St Johnstone have become the club that Geoff Brown set about building.
It was 28 years ago when he rescued the Perth club from second last place in Scotland's professional leagues and from a time of financial crisis. Now stable, healthy, ambitious and proud, St Johnstone are a testament to his principles.
When the Perth side defeated Aberdeen to reach their first Scottish Cup final in the club's 130-year history, Brown did not immediately reflect back on the challenges that he faced and overcame. They are always there, though, as part of the worth of Brown's achievement. There might be something fitting, too, in the fact that he can enjoy and celebrate them as a supporter, having stepped down as chairman three years ago.
It was being a fan of the club that drew Brown to St Johnstone. He guided them from the lower reaches of Scottish football to a new ground - McDiarmid Park - and an established place in the top-flight.
Under Brown, the Perth club reached the League Cup final in 1998 and qualified for Europe once. There were also promotion and relegation campaigns, yet since Brown handed over the chairmanship to his son, Steve, three years ago, the club has always finished in the top six, twice qualified for Europe, beaten Rosenborg and now reached the Scottish Cup final.
"It's great, I can blame my son for everything as opposed to me getting the blame for everything," Brown laughs about handing over the reins. "I don't interfere at all. I'm one of those ones that, if I'm in then it's four feet in, and if I'm out, I'm out altogether.
"I still have an investment in the holding of the club, but as far as running it, he's in charge of that. I'm not even so sure about getting a cup final ticket."
He is joking, both about the father/son relationship and St Johnstone's average attendance. The Perth club's following is routinely described as poor or underwhelming.
It is often overlooked that, as a percentage of the local population, St Johnstone are well-supported, but Brown and all of the directors during his chairmanship - none of whom were paid - tried any number of initiatives to boost Saints' core crowd.
"In fairness, at the start of the season, we played Rosenborg and we had almost 9,000 home fans here," Brown said. "When you're looking at a town the size of Perth, which has 45,000 people, and compare that with Inverness at 78,000 or Paisley with 95,000, our crowds aren't great; but percentage wise they're not too bad.
"The directors have done everything within their powers to attract people to the football club. The biggest attraction, though, is good results and this is a great result. Everybody wants to see things won.
"The last three years, St Johnstone have made a bit of a rod for their own back; they've been in the top six and people now believe that they should be in the top six, so there's no celebration for getting there.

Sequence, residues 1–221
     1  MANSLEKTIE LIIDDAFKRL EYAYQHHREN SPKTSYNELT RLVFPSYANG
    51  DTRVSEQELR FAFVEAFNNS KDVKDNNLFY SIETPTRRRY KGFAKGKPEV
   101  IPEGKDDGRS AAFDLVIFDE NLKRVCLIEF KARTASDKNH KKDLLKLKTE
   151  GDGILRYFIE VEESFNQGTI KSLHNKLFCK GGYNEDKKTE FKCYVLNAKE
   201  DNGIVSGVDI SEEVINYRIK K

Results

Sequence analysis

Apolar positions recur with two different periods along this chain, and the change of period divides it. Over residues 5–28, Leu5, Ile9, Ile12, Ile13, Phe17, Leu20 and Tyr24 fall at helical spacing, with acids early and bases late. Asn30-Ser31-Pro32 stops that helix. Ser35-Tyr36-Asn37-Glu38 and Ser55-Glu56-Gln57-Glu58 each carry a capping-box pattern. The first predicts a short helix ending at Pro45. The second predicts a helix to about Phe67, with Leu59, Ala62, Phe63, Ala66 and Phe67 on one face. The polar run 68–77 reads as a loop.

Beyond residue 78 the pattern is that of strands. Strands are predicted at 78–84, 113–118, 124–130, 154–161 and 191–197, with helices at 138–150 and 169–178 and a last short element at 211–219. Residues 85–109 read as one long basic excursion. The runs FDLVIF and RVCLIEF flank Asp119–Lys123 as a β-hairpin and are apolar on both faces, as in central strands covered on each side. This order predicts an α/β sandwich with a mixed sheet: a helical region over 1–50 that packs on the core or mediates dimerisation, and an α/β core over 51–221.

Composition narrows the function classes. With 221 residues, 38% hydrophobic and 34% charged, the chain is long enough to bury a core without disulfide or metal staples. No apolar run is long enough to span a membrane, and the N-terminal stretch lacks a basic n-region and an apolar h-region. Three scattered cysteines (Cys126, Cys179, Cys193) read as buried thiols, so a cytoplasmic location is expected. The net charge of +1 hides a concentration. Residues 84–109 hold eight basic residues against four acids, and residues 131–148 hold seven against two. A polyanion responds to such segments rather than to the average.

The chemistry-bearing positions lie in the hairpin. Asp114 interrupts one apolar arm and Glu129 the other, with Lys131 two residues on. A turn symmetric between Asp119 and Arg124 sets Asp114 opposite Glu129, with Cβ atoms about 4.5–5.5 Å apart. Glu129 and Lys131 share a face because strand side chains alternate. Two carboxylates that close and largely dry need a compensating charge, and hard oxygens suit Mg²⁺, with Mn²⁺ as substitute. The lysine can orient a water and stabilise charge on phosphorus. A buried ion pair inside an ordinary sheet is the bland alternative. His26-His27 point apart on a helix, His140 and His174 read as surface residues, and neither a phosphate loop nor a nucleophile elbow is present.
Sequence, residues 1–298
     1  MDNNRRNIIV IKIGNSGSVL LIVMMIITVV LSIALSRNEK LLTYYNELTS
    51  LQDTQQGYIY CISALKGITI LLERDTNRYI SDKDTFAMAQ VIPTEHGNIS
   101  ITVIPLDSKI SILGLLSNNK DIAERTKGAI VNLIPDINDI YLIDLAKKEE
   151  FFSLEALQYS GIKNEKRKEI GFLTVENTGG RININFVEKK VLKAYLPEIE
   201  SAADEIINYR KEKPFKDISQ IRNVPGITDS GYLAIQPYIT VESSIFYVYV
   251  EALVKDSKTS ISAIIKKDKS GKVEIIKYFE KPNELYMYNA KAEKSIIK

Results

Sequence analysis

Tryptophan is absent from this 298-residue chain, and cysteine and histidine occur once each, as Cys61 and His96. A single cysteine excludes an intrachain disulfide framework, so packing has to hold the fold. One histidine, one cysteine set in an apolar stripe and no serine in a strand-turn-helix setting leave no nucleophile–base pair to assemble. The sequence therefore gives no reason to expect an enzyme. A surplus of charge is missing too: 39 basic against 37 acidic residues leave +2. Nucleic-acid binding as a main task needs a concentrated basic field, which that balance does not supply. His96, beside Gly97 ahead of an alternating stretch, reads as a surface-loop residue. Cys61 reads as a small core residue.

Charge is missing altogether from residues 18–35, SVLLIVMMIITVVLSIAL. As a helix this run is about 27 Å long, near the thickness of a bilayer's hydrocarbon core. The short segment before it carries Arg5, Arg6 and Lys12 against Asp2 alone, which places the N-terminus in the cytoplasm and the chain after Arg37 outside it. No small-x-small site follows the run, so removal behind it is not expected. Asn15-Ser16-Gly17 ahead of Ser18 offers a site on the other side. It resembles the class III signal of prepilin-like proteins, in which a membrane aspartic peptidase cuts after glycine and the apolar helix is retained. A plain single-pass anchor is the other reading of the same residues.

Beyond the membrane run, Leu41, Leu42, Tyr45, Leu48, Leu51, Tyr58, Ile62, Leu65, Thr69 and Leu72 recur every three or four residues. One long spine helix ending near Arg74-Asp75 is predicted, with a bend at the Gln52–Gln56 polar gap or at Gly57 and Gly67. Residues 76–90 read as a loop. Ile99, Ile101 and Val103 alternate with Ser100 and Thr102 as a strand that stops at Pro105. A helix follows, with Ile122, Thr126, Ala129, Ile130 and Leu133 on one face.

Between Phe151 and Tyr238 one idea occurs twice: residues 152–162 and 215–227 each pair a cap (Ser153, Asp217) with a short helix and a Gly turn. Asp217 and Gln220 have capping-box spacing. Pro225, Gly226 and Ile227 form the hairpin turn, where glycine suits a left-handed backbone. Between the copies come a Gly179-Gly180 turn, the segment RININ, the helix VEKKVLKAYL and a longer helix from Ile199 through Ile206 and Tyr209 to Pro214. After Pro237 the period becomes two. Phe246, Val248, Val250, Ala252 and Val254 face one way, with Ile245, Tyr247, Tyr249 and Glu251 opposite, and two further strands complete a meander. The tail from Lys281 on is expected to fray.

"But we'll live with that. Everyone I've spoken to is going to the game. The number of texts I got [after the semi-final win]… and they were all from people who I thought, 'you should have been at the game'. Perth is not a football town. I just feel that this will bring it alive, though, and hopefully it will be: the last one out, put the lights out."
St Johnstone's progress is also a justification of Brown's approach to running the club. During the years in the 1990s that they challenged for promotion to the top-flight, then the years they fought to stay there, Brown saw the likes of Gretna, Livingston, Dundee and Motherwell all spend beyond their means. At times, this held his own club back, but he refused to sacrifice his own values.
"I didn't see it as being an unusual stance," he said. "I saw it as being a business stance. Any business has to make sure that they don't spend more than they can earn.
"We did that and it certainly cost us promotion the year that Gretna went up and it probably got us relegated the year that we went down rather than three other teams, who all subsequently went into administration.
"I would say I was a wee bit bitter at the football authorities, because a severe reaction wasn't taken at the time. Unfortunately, we've got Hearts in this situation and Rangers have hopefully come out of this situation, but in general terms the football in the leagues has been quite good this year."
Before Brown took over, St Johnstone were buying players from the junior ranks. Now, they are admired for consistently choosing their managers well, from Owen Coyle through Derek McInnes to Tommy Wright, who guided the team to the 2-1 win over Aberdeen that secured their place in next month's final against Dundee United at Celtic Park.
Every decision will now seem vindicated for Brown. He has devoted much of his life to the club, but then he is not alone in that. The reward for all of that commitment is the club's current status - even though there have been losses in each of the past five years, St Johnstone still have money in the bank to consider themselves secure - and now the cup final.
"I don't believe that anyone understands the number of volunteers and helpers you get within a football club," Brown said. "We have people like the doorman who turns up for every game and doesn't get paid. There are volunteers in all sectors of the club and they see it as their life. You don't have football clubs without those sorts of people."